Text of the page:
François Hollande launched his campaign for president of France last January by declaring, “My enemy is the world of finance.” Since taking office in May, his government has unleashed a barrage of taxes and regulations on bankers and other financial-market players.
So far, the enemy appears largely unscathed.
Consider the 0.2 percent tax on share purchases that France started collecting this month. The transaction tax, the first of its kind in Europe, was supposed to rein in hedge funds and other market speculators. But they quickly found a loophole. Brokers have started selling so-called contracts for difference, or CFDs, that let clients bet on a stock’s gain or loss without actually owning it.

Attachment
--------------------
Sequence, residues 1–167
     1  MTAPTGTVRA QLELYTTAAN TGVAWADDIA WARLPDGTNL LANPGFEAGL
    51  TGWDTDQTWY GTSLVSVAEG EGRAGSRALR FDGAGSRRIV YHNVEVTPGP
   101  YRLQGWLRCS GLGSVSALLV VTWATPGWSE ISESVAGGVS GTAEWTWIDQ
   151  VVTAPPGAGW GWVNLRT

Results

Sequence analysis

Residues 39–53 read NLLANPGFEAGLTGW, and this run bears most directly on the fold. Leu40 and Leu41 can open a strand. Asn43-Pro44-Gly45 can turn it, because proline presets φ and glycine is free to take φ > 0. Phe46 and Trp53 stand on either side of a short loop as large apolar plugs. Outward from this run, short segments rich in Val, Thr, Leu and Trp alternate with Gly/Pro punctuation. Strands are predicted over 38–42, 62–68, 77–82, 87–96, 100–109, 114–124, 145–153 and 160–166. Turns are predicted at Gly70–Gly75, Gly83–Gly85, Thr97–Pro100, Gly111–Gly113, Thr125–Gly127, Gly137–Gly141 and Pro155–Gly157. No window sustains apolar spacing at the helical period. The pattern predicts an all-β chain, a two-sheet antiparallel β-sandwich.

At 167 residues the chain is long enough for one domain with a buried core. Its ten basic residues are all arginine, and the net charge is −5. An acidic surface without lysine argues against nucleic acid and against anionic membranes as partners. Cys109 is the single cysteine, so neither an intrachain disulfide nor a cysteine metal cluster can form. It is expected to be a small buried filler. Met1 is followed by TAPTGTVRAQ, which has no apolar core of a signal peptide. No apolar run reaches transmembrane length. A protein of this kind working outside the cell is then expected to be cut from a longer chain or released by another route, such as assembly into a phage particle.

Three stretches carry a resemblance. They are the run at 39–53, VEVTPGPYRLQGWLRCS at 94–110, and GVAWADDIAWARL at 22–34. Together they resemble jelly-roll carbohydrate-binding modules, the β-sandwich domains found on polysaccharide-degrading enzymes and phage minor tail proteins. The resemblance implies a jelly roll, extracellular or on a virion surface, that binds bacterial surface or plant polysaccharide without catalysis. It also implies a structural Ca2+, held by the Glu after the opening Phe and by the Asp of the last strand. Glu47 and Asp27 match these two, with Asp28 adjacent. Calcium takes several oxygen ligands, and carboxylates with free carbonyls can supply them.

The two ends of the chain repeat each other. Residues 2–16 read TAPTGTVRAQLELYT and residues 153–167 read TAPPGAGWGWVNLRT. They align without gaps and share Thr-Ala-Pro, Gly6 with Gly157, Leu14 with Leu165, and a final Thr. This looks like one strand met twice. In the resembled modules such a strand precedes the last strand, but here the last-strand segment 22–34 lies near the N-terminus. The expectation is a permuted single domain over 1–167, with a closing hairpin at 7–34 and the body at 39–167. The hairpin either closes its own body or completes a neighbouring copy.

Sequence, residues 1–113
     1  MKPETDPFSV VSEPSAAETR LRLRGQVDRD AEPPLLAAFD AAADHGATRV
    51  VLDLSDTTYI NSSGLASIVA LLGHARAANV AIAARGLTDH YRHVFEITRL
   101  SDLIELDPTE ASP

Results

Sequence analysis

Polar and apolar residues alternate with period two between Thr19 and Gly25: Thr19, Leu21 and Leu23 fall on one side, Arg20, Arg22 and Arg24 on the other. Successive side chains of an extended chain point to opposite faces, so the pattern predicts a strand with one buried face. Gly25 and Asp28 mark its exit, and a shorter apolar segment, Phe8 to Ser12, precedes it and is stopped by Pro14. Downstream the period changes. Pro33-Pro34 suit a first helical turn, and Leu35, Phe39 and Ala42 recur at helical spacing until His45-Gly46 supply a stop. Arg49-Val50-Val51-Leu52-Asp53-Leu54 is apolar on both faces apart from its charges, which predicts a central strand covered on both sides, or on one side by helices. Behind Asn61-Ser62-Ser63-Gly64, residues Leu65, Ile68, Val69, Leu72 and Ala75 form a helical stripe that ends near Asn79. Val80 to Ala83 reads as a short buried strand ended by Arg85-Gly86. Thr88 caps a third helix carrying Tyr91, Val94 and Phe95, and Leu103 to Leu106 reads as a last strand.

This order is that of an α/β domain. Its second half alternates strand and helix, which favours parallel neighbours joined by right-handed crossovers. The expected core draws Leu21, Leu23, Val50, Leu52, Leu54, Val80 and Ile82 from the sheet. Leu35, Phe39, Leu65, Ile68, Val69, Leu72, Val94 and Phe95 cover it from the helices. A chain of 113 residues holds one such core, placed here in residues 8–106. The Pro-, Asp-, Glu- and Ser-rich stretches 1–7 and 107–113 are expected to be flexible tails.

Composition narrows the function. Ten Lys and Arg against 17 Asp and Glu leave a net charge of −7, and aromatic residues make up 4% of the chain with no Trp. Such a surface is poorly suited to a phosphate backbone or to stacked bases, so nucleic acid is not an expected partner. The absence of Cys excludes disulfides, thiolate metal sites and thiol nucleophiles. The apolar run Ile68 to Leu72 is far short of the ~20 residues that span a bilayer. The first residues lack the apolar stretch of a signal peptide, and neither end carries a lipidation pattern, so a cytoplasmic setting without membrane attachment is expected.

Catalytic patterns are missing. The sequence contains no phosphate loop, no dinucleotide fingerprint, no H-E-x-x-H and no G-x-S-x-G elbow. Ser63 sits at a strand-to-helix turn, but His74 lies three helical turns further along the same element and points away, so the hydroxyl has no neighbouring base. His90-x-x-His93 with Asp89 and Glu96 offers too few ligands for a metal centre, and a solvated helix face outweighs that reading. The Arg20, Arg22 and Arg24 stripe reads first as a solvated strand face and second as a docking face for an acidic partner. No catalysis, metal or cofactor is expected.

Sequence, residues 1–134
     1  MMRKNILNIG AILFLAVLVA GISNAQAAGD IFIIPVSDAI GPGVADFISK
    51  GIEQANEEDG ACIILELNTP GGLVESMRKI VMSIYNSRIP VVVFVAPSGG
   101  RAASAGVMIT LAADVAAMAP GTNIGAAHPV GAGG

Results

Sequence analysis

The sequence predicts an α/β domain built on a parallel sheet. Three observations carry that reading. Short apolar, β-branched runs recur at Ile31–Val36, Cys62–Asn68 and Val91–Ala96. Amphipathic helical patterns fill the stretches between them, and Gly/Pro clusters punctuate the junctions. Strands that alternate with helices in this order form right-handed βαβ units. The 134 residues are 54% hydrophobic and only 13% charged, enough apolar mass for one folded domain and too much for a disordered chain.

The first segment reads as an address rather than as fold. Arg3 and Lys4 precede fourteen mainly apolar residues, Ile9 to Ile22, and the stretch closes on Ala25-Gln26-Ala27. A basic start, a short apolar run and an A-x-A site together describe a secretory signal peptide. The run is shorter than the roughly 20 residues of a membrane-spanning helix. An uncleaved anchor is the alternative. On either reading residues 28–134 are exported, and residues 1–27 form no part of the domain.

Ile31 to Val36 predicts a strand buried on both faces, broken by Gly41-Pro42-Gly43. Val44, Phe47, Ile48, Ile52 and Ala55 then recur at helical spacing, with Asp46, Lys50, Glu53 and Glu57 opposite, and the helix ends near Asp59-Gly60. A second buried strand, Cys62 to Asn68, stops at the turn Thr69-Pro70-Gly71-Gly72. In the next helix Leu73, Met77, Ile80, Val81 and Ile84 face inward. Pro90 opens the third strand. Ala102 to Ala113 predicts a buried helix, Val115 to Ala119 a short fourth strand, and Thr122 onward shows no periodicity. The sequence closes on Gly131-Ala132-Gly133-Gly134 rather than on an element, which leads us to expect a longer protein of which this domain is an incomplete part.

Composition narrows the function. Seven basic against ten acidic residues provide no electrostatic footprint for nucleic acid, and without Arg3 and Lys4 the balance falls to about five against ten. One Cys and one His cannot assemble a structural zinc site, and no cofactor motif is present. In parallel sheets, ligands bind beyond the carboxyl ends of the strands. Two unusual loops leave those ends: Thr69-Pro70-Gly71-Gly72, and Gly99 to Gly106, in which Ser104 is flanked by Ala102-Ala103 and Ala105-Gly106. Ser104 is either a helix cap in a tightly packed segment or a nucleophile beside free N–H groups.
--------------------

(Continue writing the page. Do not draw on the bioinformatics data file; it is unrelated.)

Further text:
The French Finance Ministry now admits that less-sophisticated small shareholders are likely to bear the brunt of the new tax, while professional market players employ derivatives to skirt it.